Special Issue "Recent Advances and Future Prospects of Machine Learning in Predictive Modeling of Atmospheric Sciences"

A special issue of Atmosphere (ISSN 2073-4433). This special issue belongs to the section "Atmospheric Techniques, Instruments, and Modeling".

Deadline for manuscript submissions: closed (30 September 2021).

Special Issue Editors

Dr. Sunil Kumar Jha
E-Mail Website
Guest Editor
1. Nanjing University of Information Science and Technology, Ningliu Road, P.R.C. 210044 Nanjing, Jiangsu, China
2. University of Information Technology and Management, Sucharskiego 2, 35-225 Rzeszów, Poland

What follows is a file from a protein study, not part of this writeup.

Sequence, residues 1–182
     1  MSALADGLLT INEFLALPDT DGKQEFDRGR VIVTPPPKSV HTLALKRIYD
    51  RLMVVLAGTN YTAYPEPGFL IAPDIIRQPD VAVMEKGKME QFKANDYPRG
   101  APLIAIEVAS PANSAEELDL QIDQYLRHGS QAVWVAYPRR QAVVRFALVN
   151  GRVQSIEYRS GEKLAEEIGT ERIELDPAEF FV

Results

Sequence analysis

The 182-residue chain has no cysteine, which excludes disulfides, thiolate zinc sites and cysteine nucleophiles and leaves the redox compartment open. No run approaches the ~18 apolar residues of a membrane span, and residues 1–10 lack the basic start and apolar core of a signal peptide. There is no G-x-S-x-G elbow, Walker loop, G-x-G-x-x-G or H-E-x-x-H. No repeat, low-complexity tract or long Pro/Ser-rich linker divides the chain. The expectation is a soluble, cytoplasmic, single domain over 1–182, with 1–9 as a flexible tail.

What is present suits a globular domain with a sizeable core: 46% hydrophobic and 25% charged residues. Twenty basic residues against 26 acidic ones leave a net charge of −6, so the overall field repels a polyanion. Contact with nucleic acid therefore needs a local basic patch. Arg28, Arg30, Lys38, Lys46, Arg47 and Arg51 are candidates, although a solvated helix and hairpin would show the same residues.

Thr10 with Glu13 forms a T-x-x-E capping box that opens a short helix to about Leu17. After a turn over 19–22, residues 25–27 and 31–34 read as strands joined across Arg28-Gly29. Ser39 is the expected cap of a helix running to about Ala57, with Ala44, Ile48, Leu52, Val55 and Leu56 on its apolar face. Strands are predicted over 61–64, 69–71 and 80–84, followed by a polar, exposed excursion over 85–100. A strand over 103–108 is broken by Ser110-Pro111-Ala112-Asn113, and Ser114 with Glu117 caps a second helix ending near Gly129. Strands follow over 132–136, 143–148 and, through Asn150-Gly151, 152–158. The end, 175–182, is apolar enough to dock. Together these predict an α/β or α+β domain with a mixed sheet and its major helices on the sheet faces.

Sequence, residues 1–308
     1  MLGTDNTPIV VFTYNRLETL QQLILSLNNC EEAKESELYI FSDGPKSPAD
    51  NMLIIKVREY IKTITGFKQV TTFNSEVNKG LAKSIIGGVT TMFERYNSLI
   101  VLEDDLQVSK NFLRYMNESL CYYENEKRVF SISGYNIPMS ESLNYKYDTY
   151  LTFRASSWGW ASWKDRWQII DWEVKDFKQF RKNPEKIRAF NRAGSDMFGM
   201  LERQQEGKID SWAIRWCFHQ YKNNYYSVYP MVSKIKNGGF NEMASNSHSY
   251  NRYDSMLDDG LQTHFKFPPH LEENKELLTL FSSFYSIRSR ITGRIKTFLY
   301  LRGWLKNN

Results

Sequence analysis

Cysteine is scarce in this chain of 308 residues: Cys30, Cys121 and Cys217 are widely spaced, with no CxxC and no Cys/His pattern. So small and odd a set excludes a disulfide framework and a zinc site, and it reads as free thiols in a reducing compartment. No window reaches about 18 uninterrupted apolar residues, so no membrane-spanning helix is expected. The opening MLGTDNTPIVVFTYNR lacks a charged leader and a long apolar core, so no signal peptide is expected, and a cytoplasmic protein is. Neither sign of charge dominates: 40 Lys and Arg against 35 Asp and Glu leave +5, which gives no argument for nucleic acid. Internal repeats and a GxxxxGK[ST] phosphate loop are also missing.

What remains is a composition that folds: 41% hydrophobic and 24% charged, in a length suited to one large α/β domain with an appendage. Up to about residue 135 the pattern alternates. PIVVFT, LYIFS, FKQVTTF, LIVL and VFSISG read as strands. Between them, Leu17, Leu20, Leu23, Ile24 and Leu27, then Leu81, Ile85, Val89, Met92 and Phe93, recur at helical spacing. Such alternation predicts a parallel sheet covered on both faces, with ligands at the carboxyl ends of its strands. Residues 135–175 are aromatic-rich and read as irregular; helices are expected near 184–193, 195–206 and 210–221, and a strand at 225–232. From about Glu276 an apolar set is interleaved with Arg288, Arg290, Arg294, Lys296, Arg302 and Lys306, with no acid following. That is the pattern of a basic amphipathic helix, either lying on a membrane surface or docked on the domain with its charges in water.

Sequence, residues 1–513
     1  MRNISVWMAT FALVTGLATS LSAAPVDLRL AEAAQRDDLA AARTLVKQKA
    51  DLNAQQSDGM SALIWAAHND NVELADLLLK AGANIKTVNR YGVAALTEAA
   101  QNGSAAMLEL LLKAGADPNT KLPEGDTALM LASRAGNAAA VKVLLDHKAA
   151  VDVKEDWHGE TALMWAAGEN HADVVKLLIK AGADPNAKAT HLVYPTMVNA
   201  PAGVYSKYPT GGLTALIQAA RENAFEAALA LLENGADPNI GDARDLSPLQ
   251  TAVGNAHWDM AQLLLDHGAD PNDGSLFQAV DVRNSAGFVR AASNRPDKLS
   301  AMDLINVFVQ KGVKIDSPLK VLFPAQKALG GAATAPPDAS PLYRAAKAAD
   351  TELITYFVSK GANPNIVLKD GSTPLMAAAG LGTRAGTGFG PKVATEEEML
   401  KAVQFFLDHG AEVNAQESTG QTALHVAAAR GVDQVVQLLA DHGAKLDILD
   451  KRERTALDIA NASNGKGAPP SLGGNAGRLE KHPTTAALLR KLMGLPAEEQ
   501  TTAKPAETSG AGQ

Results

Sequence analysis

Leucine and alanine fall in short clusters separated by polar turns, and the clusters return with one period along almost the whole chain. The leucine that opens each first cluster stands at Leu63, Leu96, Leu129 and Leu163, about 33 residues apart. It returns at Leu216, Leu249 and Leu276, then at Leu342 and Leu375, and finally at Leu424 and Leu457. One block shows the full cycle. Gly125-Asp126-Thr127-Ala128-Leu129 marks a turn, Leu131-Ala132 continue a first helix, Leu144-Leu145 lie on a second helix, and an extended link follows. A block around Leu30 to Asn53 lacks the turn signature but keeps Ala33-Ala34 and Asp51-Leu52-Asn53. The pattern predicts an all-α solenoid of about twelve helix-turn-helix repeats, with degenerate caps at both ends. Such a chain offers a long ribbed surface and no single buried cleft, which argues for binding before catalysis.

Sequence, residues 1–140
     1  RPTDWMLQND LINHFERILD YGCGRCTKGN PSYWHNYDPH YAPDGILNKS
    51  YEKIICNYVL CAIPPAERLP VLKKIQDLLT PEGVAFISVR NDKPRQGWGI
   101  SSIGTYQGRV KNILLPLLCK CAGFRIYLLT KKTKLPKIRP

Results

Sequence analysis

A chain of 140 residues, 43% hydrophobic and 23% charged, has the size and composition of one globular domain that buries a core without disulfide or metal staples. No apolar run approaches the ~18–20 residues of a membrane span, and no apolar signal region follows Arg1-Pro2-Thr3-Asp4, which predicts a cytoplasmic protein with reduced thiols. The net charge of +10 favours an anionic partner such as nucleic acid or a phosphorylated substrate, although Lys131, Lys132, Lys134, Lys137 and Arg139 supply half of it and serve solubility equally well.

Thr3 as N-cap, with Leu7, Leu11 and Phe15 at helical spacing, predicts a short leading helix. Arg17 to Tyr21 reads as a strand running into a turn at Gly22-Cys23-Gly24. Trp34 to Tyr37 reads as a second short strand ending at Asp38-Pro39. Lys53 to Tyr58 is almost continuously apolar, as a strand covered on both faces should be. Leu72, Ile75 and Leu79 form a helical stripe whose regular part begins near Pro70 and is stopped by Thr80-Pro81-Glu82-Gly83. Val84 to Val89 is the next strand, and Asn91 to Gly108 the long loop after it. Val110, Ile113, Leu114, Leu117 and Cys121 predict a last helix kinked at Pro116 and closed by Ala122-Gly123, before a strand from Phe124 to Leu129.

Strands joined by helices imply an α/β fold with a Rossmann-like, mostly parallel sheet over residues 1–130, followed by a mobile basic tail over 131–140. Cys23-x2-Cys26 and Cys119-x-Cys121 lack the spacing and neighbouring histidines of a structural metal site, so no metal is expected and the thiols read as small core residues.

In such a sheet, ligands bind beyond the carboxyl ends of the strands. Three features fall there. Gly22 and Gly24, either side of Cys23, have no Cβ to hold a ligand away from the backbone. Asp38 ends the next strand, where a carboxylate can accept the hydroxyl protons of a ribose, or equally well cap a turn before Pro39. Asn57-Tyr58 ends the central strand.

Interests: pattern recognition; machine learning; atmospheric data mining; remote sensing; atmospheric data prediction
Dr. Xiaorui Zhang
E-Mail Website
Guest Editor
Nanjing University of Information Science & Technology, No.219, Ningliu Road, Nanjing, Jiangsu, China
Interests: Human-Computer Interaction; Virtual Reality Technology
Dr. Limao Zhang
E-Mail Website
Guest Editor
School of Civil and Environmental Engineering, Nanyang Technological University, N1-01a-29, 50 Nanyang Avenue, Singapore 639798, Singapore
Interests: artificial intelligence; tunnelling excavation; bim data analytics; structural health monitoring; data-driven simulation; uncertainty modelling and risk analysis; decision support systems
Special Issues and Collections in MDPI journals
Dr. Nilesh Patel
E-Mail Website
Guest Editor
Oakland University, 318 Meadow Brook Rd, Rochester, MI 48309, USA

Special Issue Information

Dear Colleagues,